Editorial: The NBA’s affirmative action
The NBA and Los Angeles Clippers owner Donald Sterling provide two different lessons on the status of racial issues in America.
Seattle Times Editorial
The language used by Los Angeles Clippers owner Donald Sterling is the kind of hate-filled speech associated with grainy black-and-white footage of racist gatherings in the South a half-century ago.
Credit NBA Commissioner Adam Silver with a virtually instantaneous and unequivocal condemnation of Sterling’s fetid comments.
The National Basketball Association has banned Sterling for life, fined him $2.5 million and is pressuring him to sell his team. One can argue that Sterling can say what he wants, but the owners can choose with whom they will associate.
Sterling’s racist thoughts and values should be a relic of past, ancient history. To hear these chilling articulations of racial contempt from the owner of a pro basketball team or a Nevada rancher is alarming.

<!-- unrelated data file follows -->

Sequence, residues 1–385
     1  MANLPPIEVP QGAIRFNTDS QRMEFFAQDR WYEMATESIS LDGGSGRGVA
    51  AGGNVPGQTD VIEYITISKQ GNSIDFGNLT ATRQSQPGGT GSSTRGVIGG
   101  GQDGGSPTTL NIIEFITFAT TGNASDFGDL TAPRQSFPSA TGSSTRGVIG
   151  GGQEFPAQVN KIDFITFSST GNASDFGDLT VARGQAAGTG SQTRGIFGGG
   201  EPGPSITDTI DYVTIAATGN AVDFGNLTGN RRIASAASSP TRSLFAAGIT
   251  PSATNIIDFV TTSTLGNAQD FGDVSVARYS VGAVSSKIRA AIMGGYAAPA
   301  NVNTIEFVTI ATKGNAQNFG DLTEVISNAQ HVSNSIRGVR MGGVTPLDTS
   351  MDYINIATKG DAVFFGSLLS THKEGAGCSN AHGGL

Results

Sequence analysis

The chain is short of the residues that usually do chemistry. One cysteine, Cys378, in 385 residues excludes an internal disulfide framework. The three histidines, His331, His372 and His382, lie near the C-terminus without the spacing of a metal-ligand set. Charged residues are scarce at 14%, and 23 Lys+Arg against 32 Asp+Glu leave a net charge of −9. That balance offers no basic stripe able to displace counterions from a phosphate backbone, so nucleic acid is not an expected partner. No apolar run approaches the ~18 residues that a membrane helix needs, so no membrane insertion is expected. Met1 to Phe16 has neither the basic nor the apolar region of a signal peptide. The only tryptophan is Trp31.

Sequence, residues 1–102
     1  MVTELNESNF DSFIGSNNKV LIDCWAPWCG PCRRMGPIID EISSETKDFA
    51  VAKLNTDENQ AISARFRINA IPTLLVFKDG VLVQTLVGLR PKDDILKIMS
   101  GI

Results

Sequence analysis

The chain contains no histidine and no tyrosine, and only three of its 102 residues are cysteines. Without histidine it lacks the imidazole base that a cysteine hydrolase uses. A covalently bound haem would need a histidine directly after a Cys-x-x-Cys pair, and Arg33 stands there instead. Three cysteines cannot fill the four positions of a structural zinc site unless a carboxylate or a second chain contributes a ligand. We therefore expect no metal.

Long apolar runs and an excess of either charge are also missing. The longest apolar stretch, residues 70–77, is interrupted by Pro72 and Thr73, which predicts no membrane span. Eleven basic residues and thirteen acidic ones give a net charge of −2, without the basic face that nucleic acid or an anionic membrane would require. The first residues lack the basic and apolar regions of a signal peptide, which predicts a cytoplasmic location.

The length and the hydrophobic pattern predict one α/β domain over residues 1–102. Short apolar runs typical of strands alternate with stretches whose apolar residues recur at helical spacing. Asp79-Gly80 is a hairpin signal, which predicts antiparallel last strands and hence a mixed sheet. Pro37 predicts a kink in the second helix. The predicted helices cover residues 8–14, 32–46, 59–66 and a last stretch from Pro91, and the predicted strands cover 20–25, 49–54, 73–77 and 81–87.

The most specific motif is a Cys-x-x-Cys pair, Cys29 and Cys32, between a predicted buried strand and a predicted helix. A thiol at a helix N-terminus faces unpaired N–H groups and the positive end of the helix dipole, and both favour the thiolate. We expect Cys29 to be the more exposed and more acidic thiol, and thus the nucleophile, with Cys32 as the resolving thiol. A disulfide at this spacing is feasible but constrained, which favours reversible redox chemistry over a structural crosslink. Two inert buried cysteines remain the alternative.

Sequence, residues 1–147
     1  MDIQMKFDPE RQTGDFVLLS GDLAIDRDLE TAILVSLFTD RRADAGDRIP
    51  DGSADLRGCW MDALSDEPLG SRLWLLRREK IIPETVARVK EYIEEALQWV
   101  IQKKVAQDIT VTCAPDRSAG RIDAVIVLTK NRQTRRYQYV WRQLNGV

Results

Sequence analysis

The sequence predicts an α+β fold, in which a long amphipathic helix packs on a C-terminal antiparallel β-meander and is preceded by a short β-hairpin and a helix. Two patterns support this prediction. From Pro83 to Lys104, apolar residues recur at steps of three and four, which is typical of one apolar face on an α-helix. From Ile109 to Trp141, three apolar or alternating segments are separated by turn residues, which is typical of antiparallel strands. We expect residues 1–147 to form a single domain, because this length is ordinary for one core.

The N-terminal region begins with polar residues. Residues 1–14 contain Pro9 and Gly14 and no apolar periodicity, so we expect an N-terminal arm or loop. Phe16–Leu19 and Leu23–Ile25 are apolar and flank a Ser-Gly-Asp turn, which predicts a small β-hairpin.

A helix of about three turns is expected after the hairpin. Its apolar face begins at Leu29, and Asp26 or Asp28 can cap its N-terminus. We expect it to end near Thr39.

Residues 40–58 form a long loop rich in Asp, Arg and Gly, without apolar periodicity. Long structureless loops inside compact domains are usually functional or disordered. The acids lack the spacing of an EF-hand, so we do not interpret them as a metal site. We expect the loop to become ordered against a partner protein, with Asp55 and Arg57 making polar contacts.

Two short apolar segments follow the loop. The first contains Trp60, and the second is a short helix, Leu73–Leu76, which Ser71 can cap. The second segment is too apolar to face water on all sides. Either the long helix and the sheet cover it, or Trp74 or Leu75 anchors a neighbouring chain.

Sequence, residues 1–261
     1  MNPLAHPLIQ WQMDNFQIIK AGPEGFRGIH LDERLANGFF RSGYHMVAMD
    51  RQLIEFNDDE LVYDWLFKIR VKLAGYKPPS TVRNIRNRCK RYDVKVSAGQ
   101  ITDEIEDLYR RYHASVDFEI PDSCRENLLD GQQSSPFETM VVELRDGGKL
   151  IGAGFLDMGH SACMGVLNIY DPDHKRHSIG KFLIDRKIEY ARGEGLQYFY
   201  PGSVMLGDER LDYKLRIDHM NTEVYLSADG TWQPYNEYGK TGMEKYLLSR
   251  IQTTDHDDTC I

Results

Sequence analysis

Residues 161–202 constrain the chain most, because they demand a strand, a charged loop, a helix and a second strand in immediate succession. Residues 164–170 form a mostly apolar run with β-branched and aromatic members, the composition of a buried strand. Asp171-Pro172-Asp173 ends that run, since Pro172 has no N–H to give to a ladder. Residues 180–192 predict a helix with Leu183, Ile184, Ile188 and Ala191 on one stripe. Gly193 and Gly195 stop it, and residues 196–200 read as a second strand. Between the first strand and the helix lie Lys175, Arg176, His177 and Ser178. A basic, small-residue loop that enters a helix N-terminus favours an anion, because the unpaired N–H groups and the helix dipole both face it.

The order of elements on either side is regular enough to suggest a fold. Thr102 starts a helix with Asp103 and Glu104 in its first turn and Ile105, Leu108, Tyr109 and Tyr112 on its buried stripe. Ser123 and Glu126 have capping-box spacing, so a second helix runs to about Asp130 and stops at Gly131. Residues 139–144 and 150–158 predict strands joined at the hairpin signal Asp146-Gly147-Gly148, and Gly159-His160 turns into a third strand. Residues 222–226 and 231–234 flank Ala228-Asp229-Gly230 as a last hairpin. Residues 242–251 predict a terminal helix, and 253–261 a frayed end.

Two other words come to mind: affirmative action. The country is still healing and evolving on racial, ethnic and immigration issues.
How much more must be done is brutally reinforced by Sterling’s contemptuous rant.
Editorial board members are editorial page editor Kate Riley, Frank A. Blethen, Ryan Blethen, Sharon Pian Chan, Lance Dickie, Jonathan Martin, Erik Smith, Thanh Tan, William K. Blethen (emeritus) and Robert C. Blethen (emeritus).